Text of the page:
When Eating Goes to Extremes
With summer just around the corner, we see constant reminders about getting in shape for swimsuit season. Magazines offer annual tips for slimming down. Pencil-thin models show us the bodies we can’t possibly achieve. We may feel inspired to shed a few pounds, but most of us don’t take these media messages too seriously. For the small minority of people with eating disorders, however, the relentless pursuit of an ideal body can have dire or even deadly consequences.
Scientists had long believed that eating disorders were primarily triggered by cultural pressures or psychology. “But over the past decade, there’s been a real revolution in thinking about the factors that lead to eating disorders,” says Dr. Cynthia Bulik, director of the Eating Disorders Program at the University of North Carolina at Chapel Hill. “We now have evidence of the substantial role that genes can play.” People who are genetically vulnerable may be more susceptible to cultural cues. “They may start extreme dieting or binge eating. That could lead them down the path to an eating disorder,” says Bulik.
The result is that, when faced with a full-length mirror, people with eating disorders take self-criticism to extremes. They excessively focus on body weight and shape. They have an out-of-control urge to eat either far too much or far too little.
Accurate data on the number of people with eating disorders has been scarce. Earlier this year, however, Harvard scientists reported results of the first nationally representative study of eating disorders in the U.S. They found that, overall, 4.5% of adults, or over 9 million people, have struggled with eating disorders at some point in their lives. The study also found a surprisingly high number of men with eating disorders (see “Statistics” box).
Eating disorders are complex conditions. The three most widely recognized are anorexia nervosa, bulimia nervosa and binge-eating disorder.
Anorexia nervosa is the least common but most deadly of the three. People with this disorder become dangerously thin, often by severely limiting their food intake, exercising excessively or using self-induced vomiting, laxatives or other “purging” techniques. Malnourishment may lead to osteoporosis and anemia. Women lose their menstrual periods.
People with bulimia nervosa are often normal weight. They feel an uncontrollable urge to eat large amounts of food, or binge eat. Then they compensate by purging, fasting or exercising too much. Dr. Susan Z. Yanovski, director of NIH’s Obesity and Eating Disorders Program, says, “Bulimia nervosa can cause a lot of medical problems, such as heart irregularities and difficulties with the digestive system. Self-induced vomiting can wear away tooth enamel.”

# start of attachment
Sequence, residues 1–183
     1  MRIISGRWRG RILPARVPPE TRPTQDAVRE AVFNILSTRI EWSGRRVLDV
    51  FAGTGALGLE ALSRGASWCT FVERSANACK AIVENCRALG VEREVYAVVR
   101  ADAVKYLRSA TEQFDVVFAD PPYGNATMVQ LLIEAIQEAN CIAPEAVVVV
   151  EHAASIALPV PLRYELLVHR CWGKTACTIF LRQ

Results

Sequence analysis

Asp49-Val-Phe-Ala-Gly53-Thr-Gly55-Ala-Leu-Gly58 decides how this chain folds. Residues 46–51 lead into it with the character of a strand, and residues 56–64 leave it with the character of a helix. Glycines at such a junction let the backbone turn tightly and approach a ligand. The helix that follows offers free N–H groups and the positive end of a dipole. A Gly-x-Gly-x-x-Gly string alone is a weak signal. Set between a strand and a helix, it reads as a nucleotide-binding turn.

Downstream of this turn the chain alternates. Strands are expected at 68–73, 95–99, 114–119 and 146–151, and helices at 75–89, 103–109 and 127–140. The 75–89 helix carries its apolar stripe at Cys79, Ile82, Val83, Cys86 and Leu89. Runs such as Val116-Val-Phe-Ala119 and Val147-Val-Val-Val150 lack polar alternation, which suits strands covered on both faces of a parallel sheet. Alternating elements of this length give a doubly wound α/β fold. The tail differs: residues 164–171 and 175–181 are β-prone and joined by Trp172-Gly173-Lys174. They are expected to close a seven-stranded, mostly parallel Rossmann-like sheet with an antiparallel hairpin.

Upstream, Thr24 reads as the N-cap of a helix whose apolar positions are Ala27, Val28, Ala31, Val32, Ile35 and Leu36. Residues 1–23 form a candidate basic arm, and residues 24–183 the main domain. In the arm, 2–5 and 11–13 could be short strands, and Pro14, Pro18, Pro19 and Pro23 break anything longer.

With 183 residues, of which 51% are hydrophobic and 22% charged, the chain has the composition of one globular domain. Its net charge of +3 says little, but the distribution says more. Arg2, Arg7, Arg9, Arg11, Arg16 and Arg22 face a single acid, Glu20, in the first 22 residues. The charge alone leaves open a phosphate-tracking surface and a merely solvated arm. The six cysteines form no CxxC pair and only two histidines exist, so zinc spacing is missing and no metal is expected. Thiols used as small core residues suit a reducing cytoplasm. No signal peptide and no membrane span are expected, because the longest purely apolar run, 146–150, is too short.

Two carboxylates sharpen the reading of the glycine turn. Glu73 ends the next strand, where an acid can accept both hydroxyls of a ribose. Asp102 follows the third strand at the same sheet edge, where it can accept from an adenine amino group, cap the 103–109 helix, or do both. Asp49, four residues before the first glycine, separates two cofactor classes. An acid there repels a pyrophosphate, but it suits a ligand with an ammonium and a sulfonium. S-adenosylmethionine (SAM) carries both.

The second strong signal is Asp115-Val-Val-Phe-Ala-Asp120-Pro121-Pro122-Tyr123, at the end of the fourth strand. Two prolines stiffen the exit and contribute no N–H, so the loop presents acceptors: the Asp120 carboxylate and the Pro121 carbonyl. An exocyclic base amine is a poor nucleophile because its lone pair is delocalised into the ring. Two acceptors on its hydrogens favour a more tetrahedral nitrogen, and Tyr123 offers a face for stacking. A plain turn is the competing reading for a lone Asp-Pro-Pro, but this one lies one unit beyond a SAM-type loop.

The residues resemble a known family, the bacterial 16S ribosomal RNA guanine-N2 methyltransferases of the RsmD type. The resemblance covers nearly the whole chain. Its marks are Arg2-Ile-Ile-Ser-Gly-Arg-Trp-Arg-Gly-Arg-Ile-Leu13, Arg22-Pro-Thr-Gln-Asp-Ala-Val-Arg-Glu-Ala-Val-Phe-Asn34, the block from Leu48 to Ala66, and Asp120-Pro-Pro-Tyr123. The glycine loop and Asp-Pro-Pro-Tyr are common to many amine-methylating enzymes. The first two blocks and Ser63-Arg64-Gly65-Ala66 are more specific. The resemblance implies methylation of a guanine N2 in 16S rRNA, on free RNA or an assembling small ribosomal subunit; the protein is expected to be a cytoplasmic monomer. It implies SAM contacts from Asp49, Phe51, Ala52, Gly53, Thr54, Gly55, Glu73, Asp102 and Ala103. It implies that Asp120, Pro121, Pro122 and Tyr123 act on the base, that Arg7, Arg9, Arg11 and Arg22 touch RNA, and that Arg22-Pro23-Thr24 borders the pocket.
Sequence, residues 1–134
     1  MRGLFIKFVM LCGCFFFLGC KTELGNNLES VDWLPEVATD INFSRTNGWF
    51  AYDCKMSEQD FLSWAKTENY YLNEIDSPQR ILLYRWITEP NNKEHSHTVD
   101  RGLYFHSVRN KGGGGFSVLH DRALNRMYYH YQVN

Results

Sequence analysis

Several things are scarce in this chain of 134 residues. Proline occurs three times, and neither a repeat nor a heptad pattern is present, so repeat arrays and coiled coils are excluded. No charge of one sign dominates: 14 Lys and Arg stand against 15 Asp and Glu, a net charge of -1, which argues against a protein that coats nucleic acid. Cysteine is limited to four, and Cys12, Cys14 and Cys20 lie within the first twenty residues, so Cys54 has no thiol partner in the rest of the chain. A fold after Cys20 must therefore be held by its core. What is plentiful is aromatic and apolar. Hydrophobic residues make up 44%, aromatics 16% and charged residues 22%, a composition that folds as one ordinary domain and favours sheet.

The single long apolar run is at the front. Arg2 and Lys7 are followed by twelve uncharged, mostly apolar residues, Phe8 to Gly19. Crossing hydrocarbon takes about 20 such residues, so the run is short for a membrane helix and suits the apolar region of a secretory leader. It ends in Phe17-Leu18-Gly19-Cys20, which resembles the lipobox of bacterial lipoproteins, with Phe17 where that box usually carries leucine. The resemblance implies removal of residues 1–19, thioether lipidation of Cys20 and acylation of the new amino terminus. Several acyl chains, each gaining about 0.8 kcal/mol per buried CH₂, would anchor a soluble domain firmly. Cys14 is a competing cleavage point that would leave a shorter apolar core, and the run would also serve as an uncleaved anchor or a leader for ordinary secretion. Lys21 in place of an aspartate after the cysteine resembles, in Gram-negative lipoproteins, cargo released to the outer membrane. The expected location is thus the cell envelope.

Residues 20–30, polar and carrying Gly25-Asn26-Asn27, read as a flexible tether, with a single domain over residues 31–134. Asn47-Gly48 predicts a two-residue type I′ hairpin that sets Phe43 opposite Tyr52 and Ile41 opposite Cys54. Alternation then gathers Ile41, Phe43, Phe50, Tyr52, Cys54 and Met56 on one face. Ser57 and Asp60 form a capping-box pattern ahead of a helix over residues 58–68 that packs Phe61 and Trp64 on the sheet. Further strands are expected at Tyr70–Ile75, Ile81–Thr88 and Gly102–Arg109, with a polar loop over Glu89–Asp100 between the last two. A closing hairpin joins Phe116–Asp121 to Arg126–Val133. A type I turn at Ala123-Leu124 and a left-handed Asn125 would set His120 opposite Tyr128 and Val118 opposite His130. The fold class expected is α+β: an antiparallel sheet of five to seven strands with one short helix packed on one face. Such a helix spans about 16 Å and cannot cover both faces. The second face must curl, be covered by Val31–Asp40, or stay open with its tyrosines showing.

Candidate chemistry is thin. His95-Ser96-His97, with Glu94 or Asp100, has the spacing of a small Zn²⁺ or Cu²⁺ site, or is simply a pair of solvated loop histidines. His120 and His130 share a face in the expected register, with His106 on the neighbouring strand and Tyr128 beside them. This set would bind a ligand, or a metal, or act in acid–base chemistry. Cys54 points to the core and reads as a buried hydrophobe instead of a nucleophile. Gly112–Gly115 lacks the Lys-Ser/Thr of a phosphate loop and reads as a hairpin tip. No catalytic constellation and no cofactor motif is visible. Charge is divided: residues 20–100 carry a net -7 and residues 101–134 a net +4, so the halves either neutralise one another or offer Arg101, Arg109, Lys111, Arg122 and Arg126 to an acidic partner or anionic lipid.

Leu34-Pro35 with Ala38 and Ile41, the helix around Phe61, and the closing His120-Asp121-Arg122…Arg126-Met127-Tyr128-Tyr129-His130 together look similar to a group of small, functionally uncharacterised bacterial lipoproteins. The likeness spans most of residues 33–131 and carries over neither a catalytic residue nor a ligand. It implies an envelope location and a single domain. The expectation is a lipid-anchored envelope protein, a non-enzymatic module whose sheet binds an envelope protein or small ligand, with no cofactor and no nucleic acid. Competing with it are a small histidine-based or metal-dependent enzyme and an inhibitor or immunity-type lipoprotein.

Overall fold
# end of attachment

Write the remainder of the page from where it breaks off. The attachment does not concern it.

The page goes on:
The third disorder, binge-eating disorder, also involves frequent episodes of binge eating, but without the compensatory behaviors seen with bulimia nervosa. “As you can imagine,” Yanovski says, “if you frequently eat large amounts of calories without compensating in other ways, you’ll gain weight. That’s why binge-eating disorder is often associated with obesity.” And with obesity comes an increased risk for diabetes, stroke, heart disease and certain cancers.
Binge-eating disorder, unlike anorexia nervosa and bulimia nervosa, is not officially recognized as a psychiatric disorder. But the Harvard study found that binge-eating disorder is by far the most common of the three, affecting nearly 3% of the population. In contrast, anorexia nervosa affects 0.6% and bulimia nervosa 1%.
Eating disorders are treatable, but better treatments are needed. Current therapies usually involve a combination of medical and psychological approaches. Doctors sometimes use antidepressants or other medications. But the only one approved by the U.S. Food and Drug Administration is fluoxetine (Prozac), for the treatment of bulimia nervosa.
Yanovski and her colleagues hope to take a preventive approach to binge eating by spotting risky behaviors before a full-blown disorder and obesity develop. Yanovski explains, “If we can identify kids who may not yet be obese but who have problems with loss-of-control eating, they may be in a high-risk group. We’re looking at ways to intervene to prevent obesity as well as eating disorders.”
One path to improved therapies is a better understanding of the underlying genes and biology. Studies of families and twins provide strong evidence that genes contribute to all three major eating disorders.
An international research team—led by Dr. Walter Kaye, now at the University of California, San Diego—has found regions of DNA that may hold genes associated with anorexia nervosa and bulimia nervosa. Their findings inspired a 5-year NIH-funded study to identify specific genes that influence anorexia nervosa risk in hundreds of U.S. families. The initial results are expected later this year.
If you suspect someone you care about may have an eating disorder, Bulik says, “the most important thing is to talk about it with them directly. In a firm but compassionate way, let them know that you’re concerned about their well-being. Do whatever you can to get them in for an evaluation as soon as possible.”
Yanovski notes that most people with bulimia nervosa or binge-eating disorder will admit to their behaviors if asked directly. In contrast, those with anorexia nervosa often deny their symptoms. “If you ask why they’re not eating, they may say they’re not hungry or they’ve already eaten,” Yanovski says.
If you’re the parent of a child you suspect may have anorexia nervosa, don’t hesitate to act. "Given that anorexia nervosa has the highest death rate of any psychiatrix illness, it always should be taken seriously," Bulik says. "Never assume its a passing phase."
|Know the Signs of Eating Disorders
Source: National Institute of Health Jan 20, 2013
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